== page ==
Chiefs headlines for Thursday, March 25
If Bashaud Breeland heads elsewhere as is expected, the Chiefs can find a veteran replacement with championship-level experience in Butler, whose production, like Breeland’s, has been up and down but also consistently makes key plays in important moments. The Chiefs still need to figure out their situation at tackle and appear to be waiting out Austin Reiter’s market to answer their lingering question at center, but on the defensive side of the ball, Butler makes plenty of sense. L’Jarius Sneed proved he can handle a larger role, but a veteran presence wouldn’t hurt a team aiming for another Super Bowl run.
Five best 2021 free agent moves
2. Chiefs sign OL Joe Thuney
Contract: 5 years, $80 million
Per year: $16 million
Kansas City is paying a pretty penny for a lineman who’ll primarily play inside. In fact, if he stays at left guard, he’ll be the highest paid there by a mile, averaging $4.5M more per year than the Saints’ Andrus Peat, who’s overpaid himself. Still, protecting Patrick Mahomes is key, and Thuney can play literally every position in the trenches. If you’re going to spend big, do it up front.
Are the Buccaneers the Super Bowl favorites after they brought back all of their core?
Fowler: Nah, let’s go AFC. The Kansas City Chiefs will be a favorite after they finish replenishing the offensive line, and the Buffalo Bills have made a major jump in each of the past two years. The next jump is an AFC Championship — maybe more. The Green Bay Packers have to break through at some point after two straight NFC Championship Game losses. Tampa is one of four or five teams in the mix.
TACKLE NOTRE DAME
KANSAS CITY CHIEFS
The Chiefs went all out to sign guard Joe Thuney in free agency, giving him a five-year, $80 million deal. They followed that up by coaxing Kyle Long out of retirement on a one-year, $1.5 million pact. Still, after releasing both starting tackles from last season (Eric Fisher and Mitchell Schwartz), this offensive line needs more reinforcements. Enter Eichenberg. Although he hasn’t generated much first-round hype, I could see a tackle-needy team jumping at the chance to grab him. Eichenberg brings length, technical savvy, and experience, with 38 college starts under his belt.
Ifeatu Melifonwu CB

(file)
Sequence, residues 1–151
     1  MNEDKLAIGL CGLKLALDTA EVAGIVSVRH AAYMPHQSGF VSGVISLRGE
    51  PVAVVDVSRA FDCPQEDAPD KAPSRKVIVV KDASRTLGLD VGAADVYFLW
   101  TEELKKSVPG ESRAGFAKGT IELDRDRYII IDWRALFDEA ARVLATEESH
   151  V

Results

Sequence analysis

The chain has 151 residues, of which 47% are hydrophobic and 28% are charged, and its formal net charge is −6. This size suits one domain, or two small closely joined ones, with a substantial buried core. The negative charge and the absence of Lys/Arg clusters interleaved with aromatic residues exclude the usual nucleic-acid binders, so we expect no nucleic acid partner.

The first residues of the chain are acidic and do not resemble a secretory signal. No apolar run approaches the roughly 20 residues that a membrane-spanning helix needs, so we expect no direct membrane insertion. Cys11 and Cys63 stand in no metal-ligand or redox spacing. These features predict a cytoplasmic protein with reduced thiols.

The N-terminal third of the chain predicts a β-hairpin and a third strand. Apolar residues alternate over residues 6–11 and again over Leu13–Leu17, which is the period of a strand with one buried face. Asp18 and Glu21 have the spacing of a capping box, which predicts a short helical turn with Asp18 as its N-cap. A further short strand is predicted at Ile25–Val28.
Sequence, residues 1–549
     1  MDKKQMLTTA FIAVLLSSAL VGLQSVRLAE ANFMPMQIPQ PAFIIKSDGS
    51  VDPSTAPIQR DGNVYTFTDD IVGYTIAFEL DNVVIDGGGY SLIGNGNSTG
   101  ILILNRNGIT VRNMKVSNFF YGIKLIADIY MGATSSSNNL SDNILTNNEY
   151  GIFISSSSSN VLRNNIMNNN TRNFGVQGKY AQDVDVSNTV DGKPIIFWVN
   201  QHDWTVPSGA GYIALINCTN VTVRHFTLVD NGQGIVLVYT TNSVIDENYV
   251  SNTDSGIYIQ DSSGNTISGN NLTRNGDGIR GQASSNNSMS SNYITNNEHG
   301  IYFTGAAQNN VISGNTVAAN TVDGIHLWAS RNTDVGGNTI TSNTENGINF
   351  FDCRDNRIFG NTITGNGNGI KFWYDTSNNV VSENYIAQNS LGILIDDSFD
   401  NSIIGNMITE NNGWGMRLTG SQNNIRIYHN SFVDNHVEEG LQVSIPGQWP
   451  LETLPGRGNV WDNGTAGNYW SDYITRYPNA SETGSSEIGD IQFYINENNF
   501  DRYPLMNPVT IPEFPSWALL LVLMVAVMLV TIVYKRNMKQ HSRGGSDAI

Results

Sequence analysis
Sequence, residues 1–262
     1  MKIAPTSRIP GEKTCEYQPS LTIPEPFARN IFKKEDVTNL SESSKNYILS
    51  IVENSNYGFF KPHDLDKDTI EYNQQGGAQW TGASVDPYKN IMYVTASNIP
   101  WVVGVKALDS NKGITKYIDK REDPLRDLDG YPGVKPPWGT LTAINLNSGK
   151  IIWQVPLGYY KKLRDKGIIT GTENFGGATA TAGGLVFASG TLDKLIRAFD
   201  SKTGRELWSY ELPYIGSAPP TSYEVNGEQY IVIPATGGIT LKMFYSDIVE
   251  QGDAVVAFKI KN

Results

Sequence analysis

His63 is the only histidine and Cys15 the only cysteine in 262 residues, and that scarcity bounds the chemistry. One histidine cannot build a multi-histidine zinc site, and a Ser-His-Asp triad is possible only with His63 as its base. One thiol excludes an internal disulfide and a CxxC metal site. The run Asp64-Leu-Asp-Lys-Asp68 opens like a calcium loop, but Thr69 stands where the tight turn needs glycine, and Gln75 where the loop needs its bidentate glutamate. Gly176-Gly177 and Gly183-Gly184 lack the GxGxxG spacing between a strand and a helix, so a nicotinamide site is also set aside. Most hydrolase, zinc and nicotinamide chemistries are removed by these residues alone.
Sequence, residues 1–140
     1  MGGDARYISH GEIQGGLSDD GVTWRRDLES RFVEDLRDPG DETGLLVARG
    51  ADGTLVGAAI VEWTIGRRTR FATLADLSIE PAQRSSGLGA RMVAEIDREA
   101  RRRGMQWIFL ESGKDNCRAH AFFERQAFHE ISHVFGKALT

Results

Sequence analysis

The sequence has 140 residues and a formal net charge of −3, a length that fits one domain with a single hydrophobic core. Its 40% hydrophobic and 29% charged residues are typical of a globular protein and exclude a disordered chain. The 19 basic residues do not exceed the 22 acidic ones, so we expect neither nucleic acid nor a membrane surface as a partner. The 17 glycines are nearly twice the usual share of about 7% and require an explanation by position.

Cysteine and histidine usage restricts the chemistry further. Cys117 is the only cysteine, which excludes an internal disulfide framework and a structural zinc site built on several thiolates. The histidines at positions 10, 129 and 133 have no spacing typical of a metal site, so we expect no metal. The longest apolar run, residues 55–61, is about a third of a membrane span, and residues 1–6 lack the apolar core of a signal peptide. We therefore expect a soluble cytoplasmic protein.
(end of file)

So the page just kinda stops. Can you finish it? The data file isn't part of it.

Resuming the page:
Melifonwu has a first-round athletic profile and squeaky clean film.
31. Kansas City Chiefs: Joe Tryon, DE, Washington
Frank Clark had a down year for the Chiefs in 2020, and defensive ends Tanoh Kpassagnon and Alex Okafor are free agents. Tryon has the size KC covets at defensive end and recorded eight sacks in 2019 before opting out of the 2020 season.
Around the NFL
The finance committee approved Snyder’s application for a $450 million debt waiver, an NFL spokesperson confirmed. The other owners will vote at the league’s annual meeting next week on whether to approve the deal. Snyder needs 24 of the 32 owners to vote in favor of the transaction. The news was first reported by Tyler Dunne of GoLongTD.com.
The Super Bowl champion Tampa Bay Buccaneers continued their busy offseason Wednesday, agreeing to a two-year, $31.8 million contract extension with offensive tackle Donovan Smith while finalizing a one-year, $10 million deal to bring back defensive tackle Ndamukong Suh, sources told ESPN’s Adam Schefter.
In case you missed it at Arrowhead Pride
Left tackle: Lucas Niang
Left guard: Joe Thuney
Center: Nick Allegretti
Right guard: Kyle Long
Right tackle: Mike Remmers
Pros: A veteran left guard can help Niang in his first NFL experience. Both guard positions are filled by high-level talents. Center and right tackle have some level of continuity.
Cons: Duvernay-Tardif is either benched or released; he has a no-trade clause. One way or another, there is money being wasted on him. The starting left tackle would be taking his first snaps as an NFL player and hasn’t played football since October 2019. Niang combined with the 32-year-old Remmers is an uninspiring tackle duo.
Regardless of what happens the rest of free agency the Chiefs have to nail this draft in a way they haven’t yet in the Veach era.
— Kent Swanson (@kent_swanson) March 24, 2021
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